Research in Dr. Sandra Hewett’s lab focuses on elucidating the molecular and biochemical mechanisms by which post-ischemic inflammation contributes to the progression of acute neuronal injury with a focus on astrocyte-neuron interactions. Studies have determined that the brain damage associated with acute injury ―most commonly caused by cerebral ischemia, head trauma or seizure ― is mediated by over-stimulation of excitatory amino acid (EAA) receptors as well as inflammatory factors. While inflammatory cells from the periphery contribute to neuronal damage there is evidence that inflammatory genes expressed in parenchymal cells of the CNS also play a deleterious role. Molecules of interest in her lab include inducible forms of nitric oxide (NO) synthase and cyclooxygenase (COX), L-12/15 lipoxygenase (12/15 LO) and IL-1ß. The role of astrocyte system xc- (cystine/glutamate transporter) in injury and protection is also being explored. Both in vitro and in vivo models of injury are employed taking a “molecules to mouse” and “mouse to molecules” approach to the essential questions posed.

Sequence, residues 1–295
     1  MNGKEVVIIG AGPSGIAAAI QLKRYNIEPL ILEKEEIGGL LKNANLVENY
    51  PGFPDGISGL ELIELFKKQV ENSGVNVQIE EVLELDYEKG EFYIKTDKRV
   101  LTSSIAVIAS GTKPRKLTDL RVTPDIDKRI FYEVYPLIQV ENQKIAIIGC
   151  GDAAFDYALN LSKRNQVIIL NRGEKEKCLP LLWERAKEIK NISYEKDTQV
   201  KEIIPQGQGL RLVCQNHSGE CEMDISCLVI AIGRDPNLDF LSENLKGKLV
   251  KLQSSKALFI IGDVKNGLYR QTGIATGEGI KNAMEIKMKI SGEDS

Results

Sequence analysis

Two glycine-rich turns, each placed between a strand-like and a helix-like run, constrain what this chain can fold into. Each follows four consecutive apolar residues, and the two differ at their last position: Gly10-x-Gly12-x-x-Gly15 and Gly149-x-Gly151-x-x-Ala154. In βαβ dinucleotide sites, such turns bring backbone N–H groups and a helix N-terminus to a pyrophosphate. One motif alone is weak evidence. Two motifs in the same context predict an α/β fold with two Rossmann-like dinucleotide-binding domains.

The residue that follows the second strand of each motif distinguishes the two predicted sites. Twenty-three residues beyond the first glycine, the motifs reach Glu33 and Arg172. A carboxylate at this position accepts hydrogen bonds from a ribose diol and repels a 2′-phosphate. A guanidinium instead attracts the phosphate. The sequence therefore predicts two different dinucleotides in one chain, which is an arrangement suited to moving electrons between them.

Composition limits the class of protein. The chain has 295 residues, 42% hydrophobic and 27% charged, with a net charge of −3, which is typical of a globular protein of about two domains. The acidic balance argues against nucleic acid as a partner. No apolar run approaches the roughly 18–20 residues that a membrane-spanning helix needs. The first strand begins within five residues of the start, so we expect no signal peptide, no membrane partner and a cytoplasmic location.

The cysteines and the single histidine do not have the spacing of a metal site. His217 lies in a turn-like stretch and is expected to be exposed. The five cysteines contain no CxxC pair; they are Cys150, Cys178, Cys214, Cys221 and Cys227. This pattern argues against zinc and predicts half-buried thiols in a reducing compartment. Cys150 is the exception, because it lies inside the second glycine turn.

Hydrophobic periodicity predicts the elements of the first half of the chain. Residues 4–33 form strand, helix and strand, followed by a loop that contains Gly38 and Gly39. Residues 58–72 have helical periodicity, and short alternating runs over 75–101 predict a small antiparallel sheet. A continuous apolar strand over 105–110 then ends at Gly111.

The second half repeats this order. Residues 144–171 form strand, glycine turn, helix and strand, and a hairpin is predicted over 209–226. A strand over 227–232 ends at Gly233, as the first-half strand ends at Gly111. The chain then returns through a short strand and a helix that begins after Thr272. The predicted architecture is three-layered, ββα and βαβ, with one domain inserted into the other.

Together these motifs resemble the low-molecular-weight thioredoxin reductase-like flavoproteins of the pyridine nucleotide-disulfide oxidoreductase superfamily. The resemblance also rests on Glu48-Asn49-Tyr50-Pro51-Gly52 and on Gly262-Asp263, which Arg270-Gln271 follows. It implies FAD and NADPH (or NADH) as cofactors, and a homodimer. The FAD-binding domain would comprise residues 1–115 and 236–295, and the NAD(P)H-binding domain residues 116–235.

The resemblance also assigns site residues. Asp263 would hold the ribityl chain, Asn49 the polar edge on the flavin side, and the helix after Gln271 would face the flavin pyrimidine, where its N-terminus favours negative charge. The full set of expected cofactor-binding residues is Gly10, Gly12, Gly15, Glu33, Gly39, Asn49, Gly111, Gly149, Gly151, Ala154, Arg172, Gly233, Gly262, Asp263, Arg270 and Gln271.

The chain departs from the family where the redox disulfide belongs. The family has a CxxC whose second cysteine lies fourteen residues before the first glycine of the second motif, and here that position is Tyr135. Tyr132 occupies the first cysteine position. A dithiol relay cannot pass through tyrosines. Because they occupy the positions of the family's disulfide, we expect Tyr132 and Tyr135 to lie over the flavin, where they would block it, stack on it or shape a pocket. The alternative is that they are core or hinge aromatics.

The National Stroke Association

American Heart Association

American Society for Neurochemistry

Society for Neuroscience